I’ve not had occasion to deal with women driving autos during my recent visit to Chennai, but then this post is about the incorrigible auto-drivers in our ‘Incredible India’. I did spot an auto-rickshaw with a painted message at the back, saying ‘This is a tourist-friendly auto’. A rare species, I believe. Tamilnadu tourism website lists 39 such auto-drivers, giving their names, addresses and cell numbers.
Experiences of a majority of those hiring autos have been such that a long-time Chennai resident has even gone to the extent of suggesting in a blog post that it is time governments of other countries issued a travel advisory to their nationals not to hire auto-rickshaw while in Chennai. A researcher in Madras University, Mr Jesuraja, is reported to have done a thesis on the behavioural pattern of the city auto-drivers. His study is based on interviews with 130 automen from T Nagar.
My recent experience in dealing with these guys proved educative. An auto-driver was the last person from whom I expected to get a lowdown on the state of recession, inflation, petrol prices and allied economics. I found them agressively pragmatic in negotiating fares. Did I say ‘negotiation’ ? It’s not the word; the Chennai auto-drivers have the last word, often the only word, when it comes to fare-fixing. They know of no such thing as a fare-meter. In terms of business ethics Chennai auto-drivers appear to be guided by the take-’em-for-a ride approach adopted with impunity by the likes of ‘Satyam’ Raju and Bernie Madoff.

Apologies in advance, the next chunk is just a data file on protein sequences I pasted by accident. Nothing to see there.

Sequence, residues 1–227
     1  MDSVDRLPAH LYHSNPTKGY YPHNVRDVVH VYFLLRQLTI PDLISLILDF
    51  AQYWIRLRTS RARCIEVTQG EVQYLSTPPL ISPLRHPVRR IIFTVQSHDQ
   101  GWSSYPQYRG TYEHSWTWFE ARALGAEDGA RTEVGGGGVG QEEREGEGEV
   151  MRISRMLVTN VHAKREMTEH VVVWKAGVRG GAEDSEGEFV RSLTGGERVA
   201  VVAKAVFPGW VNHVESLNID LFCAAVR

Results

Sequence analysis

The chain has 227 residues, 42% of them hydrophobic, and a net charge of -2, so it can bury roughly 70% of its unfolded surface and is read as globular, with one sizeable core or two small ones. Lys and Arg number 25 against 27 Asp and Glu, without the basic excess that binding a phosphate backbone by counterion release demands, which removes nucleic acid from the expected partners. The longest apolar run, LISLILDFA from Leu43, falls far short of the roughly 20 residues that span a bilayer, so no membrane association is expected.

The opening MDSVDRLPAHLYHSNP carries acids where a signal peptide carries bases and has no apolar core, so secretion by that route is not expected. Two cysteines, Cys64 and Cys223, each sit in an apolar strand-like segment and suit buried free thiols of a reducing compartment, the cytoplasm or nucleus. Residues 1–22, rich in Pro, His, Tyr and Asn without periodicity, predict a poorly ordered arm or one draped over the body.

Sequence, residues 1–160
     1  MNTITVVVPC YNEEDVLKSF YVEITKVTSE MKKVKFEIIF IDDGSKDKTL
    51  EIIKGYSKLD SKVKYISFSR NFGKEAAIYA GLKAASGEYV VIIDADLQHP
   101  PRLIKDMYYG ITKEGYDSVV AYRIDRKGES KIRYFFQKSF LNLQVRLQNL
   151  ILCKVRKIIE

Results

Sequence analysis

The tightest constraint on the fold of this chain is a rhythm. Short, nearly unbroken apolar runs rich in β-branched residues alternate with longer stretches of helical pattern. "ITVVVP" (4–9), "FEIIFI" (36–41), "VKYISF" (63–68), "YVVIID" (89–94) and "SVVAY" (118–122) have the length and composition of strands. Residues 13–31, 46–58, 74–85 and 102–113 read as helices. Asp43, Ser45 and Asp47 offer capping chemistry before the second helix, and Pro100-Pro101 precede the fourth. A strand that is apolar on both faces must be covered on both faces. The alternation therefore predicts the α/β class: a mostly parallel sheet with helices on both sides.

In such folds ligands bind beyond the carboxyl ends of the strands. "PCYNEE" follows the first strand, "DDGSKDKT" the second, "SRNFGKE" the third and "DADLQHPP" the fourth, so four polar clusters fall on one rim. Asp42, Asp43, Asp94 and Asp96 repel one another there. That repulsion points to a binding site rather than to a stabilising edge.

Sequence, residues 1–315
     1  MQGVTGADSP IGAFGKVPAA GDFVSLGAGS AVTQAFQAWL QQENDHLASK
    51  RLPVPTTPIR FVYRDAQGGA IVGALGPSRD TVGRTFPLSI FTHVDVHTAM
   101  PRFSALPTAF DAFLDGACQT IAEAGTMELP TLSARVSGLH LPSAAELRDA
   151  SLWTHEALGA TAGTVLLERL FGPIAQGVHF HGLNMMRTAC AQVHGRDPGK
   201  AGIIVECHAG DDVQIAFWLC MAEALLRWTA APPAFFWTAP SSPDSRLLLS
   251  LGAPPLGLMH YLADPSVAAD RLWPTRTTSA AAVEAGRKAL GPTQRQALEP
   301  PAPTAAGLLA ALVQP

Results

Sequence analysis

Like the celebrity swindlers, autowalahs have no qualms about looting the gullible. But aren’t out-of-town visitors meant to be fleeced? Which, presumably, what this auto-driver on South Boag Road (near Sivaji Ganesan’s place) had on his mind when he asked for Rs.50 to take me to FabIndia on G N Chetti Road. When I asked if it wasn’t a bit much for a two-km ride the automan snapped, “what,then, would you pay? Five rupees?” So scornful was he that I felt silly having bothered him in the first place. I skipped the next two automen we passed by; and let my wife tackle the third one we came across. He wanted Rs.40. When we asked if he couldn’t bring it down, the automan gave us a kerbside talk on rising cost of living, falling value of the rupee, not to speak of high petrol prices. But haven’t they brought it down ? The auto-driver held that a reduction by a couple of rupees at the prevailing living costs made no difference to auto-drivers’ living standard. His punchline: “After all, I asked you for Rs. 40, not 40,000”. I couldn’t figure out what he meant by that.
Eventually, we ran into an automan willing to take us for Rs.30. It may be well above the official minimum fare for a two-km ride. But then who follows the metered rate structure? Auto thozhilalar union president is quoted in Deccan Chronicle as saying auto-drivers could not be expected to go by the government fixed rates, and still hope to improve their living standard.
Such attitude of blatant defience of authority smacks of what I would term the ‘Cooum syndrome’. It is a situation wherein you leave an issue unadressed so long that it becomes utterly hopeless. Once a navigable river running through the city of Madras, Cooum has, over decades of neglect and inaction, degenerated into a stagnant sewage dump. Cooum is so far gone that the authorities can no longer address the issue of cleaning the river in a meaningfully manner. With apparent inablity of the local authorities to discipline auto-drivers, that travel advisory may well apply to all visitors, not just foreigners. As for Chennai residents, they appear accustomed to their incorrigible automen, as they are, to an unflowing Cooum.
Filed under: auto-drivers, Blogger, Chennai, Gender, Media, Tourism | 3 Comments »